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Paul's opinion of II. Thessalonians. their faith, love, &c.

the end of the age under the law, and the beginning of the age under the Messiah; 1 Cor. x. 11. Phil. iv. 5. Heb. ix. 26, X. 25-37. James v. 7-9. 1 Peter iv. 7. 1 John ii. 18, &c. The second event was the destruction of the man of sin, 2 Thess. ii. 8. The third is death, which releases all the followers of Christ from their trials and sufferings, 1 Cor. i. 8. Phil. i. 6. 1 Thess. v. 23. The fourth is Christ's coming in person to judge the world, and to put an end to the present state of things. This event is probably still far distant; as the final consummation of all things is not to take place till Christ has triumphantly reigned on earth a thousand years in the hearts of men.



He sheweth his good opinion of their faith, love and patience; 3 and comforteth them against persecution. and Silvanus, and Timotheus, unto the church of the Thessalonians in God our Father, and the Lord Jesus Christ:

2 Grace unto you, and peace from God our Father, and the Lord Jesus Christ.

3 We are bound to thank God always for you, brethren, as it is meet, because that your faith groweth exceedingİy, and the charity of every one of you all toward each other aboundeth;

4 So that we ourselves glory in you in the churches of God, for your patience and faith in all your persecutions and tribulations that ye enJure;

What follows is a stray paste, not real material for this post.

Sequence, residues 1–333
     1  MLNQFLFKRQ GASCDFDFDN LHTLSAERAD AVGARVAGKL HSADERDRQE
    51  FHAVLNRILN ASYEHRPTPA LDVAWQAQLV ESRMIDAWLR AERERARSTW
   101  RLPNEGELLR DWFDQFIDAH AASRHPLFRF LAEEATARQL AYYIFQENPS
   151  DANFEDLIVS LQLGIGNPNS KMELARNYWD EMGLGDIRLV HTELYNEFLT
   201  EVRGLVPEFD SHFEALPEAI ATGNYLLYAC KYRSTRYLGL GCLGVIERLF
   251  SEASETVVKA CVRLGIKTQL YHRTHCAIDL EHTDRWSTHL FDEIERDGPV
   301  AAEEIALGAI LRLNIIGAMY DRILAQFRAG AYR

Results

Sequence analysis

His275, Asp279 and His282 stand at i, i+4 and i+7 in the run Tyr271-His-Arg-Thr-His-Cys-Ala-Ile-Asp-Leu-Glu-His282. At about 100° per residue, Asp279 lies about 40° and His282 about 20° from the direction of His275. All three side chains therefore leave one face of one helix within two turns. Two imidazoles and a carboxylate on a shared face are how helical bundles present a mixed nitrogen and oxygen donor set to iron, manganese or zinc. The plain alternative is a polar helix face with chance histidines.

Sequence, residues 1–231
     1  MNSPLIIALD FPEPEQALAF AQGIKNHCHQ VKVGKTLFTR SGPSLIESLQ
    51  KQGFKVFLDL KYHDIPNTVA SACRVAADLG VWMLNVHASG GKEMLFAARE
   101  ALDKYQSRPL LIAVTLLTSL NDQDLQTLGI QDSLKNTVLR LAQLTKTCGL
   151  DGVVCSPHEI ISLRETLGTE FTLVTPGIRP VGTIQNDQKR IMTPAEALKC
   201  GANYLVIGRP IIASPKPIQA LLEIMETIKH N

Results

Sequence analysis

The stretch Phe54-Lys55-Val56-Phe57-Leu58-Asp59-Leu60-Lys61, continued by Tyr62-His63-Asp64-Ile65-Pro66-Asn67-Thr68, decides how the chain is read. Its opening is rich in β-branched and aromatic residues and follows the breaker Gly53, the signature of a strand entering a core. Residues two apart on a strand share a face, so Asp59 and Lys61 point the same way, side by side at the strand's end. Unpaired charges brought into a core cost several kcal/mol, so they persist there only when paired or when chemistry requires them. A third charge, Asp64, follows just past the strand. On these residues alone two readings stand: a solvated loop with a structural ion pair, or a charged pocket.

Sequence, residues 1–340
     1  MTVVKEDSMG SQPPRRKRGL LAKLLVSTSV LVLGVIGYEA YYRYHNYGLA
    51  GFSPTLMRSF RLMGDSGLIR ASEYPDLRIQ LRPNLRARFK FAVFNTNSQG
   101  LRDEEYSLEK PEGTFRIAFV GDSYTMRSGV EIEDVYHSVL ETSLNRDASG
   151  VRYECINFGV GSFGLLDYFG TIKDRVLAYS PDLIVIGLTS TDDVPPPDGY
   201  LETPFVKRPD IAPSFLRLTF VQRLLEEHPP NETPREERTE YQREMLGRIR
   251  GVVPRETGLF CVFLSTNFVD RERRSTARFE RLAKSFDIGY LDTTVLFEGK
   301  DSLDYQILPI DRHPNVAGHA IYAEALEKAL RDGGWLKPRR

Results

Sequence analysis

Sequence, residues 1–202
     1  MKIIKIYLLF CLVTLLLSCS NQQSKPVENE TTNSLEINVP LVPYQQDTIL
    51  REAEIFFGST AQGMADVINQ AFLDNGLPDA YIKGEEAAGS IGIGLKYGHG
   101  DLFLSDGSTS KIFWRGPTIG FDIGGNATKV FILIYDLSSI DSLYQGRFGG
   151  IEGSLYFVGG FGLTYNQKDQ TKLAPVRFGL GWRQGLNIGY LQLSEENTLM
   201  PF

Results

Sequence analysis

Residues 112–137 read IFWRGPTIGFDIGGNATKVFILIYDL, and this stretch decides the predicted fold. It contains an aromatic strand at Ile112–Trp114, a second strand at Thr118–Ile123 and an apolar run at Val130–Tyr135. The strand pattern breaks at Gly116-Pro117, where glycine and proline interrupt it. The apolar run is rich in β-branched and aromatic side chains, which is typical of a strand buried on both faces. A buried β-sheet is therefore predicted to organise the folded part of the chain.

5 Which is a manifest token of the righteous judgment of God, that ye may be count

ed worthy of the kingdom of God,a for which ye also suffer :

6 Seeing it is a righteous thing with God to recompense tribulation to them that trouble you ;

And to you who are troubled, rest with us, when the Lord Jesus shall be revealed from heaven with his mighty angels,

In flaming fire, taking vengeance on them that know not God, and that obey not the Gospel of our Lord Jesus Christ:

9 Who shall be punishedwith everlasting destruction from the presence of the Lord, and from the glory of his


10 When he shall come to be glorified in his saints, and to be admired in all them that

a Which faith and patience are an righteous judgment of God, who counted evidence or a manifest token of the you Gentiles worthy of the kingdom of God, Sc.

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Chap. ii.

11 Wherefore also we pray always for you, that our God would count you worthy of this calling, and fulfil all the good pleasure of his goodness, and the work of faith with power; 12 That the name of our Lord Jesus Christ may be glorified in you, and ye in him, according to the grace of our God, and the Lord Jesus Christ.


1 He willeth them to continue steadfast in the truth received, 3 shewing that there shall be a departure from the faith, 9 and a discovery of antichrist before the day of the Lord come; 15 and thereupon repeateth his former exhortation, and prayeth for


NOW, we beseech you, brethren, by the coming of our Lord Jesus Christ, and by our gathering together unto him,a

2 That ye be not soon shaken in mind, or be troubled, neither by spirit, nor by word, nor by letter as from us, as that the day of Christ is at


to steadfastness, &c.

come a falling away first,c and that man of sin d be revealed,e the son of perdition;

a By, concerning the coming of our Lord Jesus Christ, and concerning our gathering together around him.

b Let no man deceive you by any of the above mentioned means, verse 2.

4 Who opposeth and exalteth himself above all that is called God, or that is worshipped; so that he as God sitteth in the temple of God, shewing himself that he is God.

5 Remember ye not, that, when I was yet with you I told you these things?

6 And now ye know what